For young people with depression, the picture is made more complicated by the way that treatment entails an increased risk of suicide for certain individuals. This impelled the American FDA to issue a warning in 2003, and the fear that drugs can trigger suicide in depressed patients has led to a decline in SSRI treatment for young people in America. In Europe and Sweden, the link between suicide rates and SSRI treatment has been less marked.
Danuta Wasserman believes that the lack of effective drug treatment without side effects for young people with depression can be one of the reasons why the suicide rate in this group is not falling; more studies are needed on this, however.
The relationship between suicide and the consumption of antidepressants in young people is also one of the European Medicines Agency's (EMEA) six priority research fields and a similar priority for a network of European research groups led by Danuta Wasserman.
"When preventing suicide in young people, pharmaceutical treatment has to be combined with psychological methods," she says. "Biological treatment methods are important for restoring balance to the central nervous system, but existential problems require psychological and psychiatric methods. We therefore need to study the preventative effects of these treatments more."
An important aspect of suicide prevention is supporting parents in their efforts to give their children a secure upbringing and the chance to develop their self-confidence.
"We had a global financial crisis in the 1990s, which caused a great deal of anxiety and worry," says Danuta Wasserman. "This might have made parents less receptive to their childrens mental health, something which might go some way to explaining the mental ill-health seen in todays young people. There is a risk that the present economic crisis will have the same effect."
Warning signs to take seriously
Reaching depressed young people in time is a critical aspect of suicide prevention. There are a number of warning signs that someone is close to suicide. These signals are especially important to heed and take seriously when observed in young people.
"A young person often lacks life experience and insight into the ups and downs of life that otherwise might help them understand that problems can disappear and difficulties can pass," says Britta Alin Åkerman. "This means that they tend to act on impulse. Suicide or attempted suicide can thus occur more suddenly in young people, and so it's important for others to notice any help those showing signs of mental ill-health as soon as they can." Training school and healthcare staff to identify risk individuals is therefore essential and makes up much of NASP's work.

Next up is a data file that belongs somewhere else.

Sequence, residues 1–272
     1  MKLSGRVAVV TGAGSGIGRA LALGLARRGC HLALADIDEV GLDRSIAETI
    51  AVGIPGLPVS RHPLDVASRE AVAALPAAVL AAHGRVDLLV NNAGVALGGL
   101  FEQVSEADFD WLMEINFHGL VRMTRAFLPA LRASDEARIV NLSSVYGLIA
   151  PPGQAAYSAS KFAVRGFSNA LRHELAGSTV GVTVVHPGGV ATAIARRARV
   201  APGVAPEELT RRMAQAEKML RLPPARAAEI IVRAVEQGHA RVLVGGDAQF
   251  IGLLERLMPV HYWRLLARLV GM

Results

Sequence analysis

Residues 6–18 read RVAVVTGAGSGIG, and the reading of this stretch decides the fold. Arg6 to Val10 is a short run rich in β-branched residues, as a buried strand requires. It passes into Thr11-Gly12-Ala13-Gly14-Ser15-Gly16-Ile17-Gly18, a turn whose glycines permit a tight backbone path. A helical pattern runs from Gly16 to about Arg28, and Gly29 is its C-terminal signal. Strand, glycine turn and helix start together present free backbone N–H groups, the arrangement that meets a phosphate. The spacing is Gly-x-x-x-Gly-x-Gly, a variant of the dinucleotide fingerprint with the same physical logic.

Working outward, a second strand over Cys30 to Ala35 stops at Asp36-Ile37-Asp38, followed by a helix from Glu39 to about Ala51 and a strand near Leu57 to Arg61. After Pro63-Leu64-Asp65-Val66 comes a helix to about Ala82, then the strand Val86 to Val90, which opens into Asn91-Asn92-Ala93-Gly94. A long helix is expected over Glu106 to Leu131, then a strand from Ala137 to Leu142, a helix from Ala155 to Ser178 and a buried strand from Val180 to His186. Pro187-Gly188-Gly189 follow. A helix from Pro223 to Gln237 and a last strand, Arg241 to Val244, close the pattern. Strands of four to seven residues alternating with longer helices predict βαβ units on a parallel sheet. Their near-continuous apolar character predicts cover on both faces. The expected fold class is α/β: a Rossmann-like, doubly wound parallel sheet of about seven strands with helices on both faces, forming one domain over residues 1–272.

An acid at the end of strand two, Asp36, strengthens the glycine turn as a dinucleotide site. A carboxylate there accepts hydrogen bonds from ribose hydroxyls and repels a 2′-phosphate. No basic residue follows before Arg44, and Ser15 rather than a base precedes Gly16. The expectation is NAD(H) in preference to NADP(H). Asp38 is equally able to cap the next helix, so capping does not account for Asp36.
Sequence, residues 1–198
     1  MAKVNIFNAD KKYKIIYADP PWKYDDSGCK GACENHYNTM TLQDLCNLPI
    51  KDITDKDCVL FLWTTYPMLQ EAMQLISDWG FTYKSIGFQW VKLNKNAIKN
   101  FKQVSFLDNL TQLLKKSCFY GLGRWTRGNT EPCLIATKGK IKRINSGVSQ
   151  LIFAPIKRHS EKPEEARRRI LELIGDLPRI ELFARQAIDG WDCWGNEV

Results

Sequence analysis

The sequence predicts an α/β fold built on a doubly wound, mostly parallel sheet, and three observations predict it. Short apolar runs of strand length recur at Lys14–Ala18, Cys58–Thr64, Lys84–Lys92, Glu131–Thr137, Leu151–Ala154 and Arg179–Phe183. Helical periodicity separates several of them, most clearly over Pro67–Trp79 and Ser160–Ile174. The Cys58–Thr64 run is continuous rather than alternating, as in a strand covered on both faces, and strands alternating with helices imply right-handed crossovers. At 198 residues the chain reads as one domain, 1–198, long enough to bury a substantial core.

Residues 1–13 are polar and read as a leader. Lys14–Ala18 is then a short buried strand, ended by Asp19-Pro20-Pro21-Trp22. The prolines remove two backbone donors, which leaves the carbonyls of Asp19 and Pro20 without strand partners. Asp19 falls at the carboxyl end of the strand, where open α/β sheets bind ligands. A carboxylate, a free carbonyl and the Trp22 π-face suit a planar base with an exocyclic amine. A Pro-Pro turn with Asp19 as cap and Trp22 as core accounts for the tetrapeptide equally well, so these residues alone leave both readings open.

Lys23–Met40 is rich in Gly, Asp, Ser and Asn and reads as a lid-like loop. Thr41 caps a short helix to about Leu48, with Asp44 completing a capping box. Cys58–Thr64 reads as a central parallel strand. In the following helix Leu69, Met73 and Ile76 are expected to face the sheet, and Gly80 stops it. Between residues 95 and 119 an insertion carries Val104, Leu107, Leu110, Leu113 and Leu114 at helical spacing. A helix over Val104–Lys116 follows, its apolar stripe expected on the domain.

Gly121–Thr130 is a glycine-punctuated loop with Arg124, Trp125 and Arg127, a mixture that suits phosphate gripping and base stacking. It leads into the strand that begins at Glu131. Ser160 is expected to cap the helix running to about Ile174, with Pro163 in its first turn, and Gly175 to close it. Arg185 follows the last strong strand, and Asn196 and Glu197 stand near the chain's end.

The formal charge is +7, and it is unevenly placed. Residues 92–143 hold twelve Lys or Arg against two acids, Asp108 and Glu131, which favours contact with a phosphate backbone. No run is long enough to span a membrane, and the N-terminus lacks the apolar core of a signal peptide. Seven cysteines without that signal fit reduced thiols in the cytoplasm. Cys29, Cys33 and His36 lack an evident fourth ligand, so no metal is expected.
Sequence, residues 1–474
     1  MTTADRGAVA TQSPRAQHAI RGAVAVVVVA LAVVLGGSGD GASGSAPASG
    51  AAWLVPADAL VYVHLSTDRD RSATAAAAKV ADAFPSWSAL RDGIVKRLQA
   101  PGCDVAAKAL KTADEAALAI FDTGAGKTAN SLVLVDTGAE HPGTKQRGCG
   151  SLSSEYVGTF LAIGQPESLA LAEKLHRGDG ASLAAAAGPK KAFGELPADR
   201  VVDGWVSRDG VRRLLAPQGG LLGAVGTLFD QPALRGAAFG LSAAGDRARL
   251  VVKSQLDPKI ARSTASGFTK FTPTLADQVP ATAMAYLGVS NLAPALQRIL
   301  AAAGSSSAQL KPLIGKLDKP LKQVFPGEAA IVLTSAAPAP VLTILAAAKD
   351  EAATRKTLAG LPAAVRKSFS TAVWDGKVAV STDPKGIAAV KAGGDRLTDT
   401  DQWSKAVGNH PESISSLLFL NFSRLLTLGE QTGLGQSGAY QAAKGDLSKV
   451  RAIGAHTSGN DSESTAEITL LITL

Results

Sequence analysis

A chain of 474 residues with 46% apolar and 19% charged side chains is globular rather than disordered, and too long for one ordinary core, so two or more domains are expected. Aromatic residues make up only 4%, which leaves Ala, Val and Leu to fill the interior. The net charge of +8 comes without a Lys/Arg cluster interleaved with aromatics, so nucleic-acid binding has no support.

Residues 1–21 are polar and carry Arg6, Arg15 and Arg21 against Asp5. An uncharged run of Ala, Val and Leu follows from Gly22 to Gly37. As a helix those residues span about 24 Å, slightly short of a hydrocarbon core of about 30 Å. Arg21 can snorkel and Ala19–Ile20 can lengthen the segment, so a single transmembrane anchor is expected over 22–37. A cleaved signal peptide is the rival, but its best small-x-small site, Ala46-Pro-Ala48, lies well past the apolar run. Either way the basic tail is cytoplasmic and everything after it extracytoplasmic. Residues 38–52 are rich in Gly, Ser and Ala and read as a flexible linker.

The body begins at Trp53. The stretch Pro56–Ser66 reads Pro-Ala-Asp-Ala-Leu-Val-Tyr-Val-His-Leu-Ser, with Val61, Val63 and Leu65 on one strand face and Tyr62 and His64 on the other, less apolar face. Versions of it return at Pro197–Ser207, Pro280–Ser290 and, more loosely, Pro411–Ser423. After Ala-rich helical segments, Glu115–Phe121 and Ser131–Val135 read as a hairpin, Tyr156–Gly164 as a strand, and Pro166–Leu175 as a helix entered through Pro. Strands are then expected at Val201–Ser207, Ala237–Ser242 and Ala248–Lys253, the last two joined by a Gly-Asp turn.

"Our research shows that training in the prevention of mental ill-health makes it easer for vulnerable pupils to be identified, so such training should be compulsory for all teachers," says Britta Alin Åkerman.
Unfortunately, suicide is still surrounded by myth and taboo, which makes it more difficult for help to be given. One way of combating these notions is, according to the scientists, to speak openly about mental ill-health and suicide.
In order to help create a more open climate in schools around mental ill-health and suicide, NASP has prepared a prevention programme comprising a film and student and staff packs.
In the film, which is called "Love is the greatest kick", four young people talk about their lives and thoughts about suicide. The film has been screened in around 200 schools, and a brief evaluation has shown that more pupils dared to talk openly about suicide and their mental ill-health after having seen the film, compared to those who did not see the film.
There are other similar prevention programmes at work, perhaps the most famous being the USA's Florida Programme, where the number of suicides more than halved when it was tested on over 330,000 school pupils.
However, many Swedish schools do not give matters of mental ill-health priority, and according to one NASP study from 2003, the majority of schools in the country lack a preventative programme and have no prevention training for their. A recent survey carried out by NASP on behalf of the government shows that this is still the case.
"I'm afraid to say that most schools have no contingency plans for dealing with mental ill-health and the will to work preventatively is very low, despite there being a tool to use," says Britta Alin Åkerman.
For example, research shows that there is a clear correlation between bullying and suicidal behaviour, and Swedish law requires all schools to have anti-bullying programmes. But the law is often not complied with. Incorporating suicide prevention measures into such a programme is not difficult to do, says Britta Alin Åkerman, but most schools have no prevention strategies at all.
Better tools to help strengthen young people's self esteem and improve their ability to overcome their negative feelings and destructive behaviour is something else for which Danuta Wasserman sees a need.
"Self-esteem and an ability to handle relations makes it easier for young people to overcome their sense of hopelessness, and thus they constitute a form of protection against suicide," she says. "This applies to shy and withdrawn children as much as it does to extrovert and aggressive children."
According to Danuta Wasserman, suicide prevention is a very neglected field of research, very much because of the prevailing taboos and myths surrounding the subject. However, she believes there has been a positive change in recent years.
"The Swedish government adopted a zero-vision strategy to suicide last year, and one of the things they did in connection with this was to make moves to improve the understanding of suicide and suicide prevention. Also, the EU has earmarked extra funds to research into suicide this year too," she says.
Text: Cecilia Odlind. Published in Medical Science, issue no 4, 2009.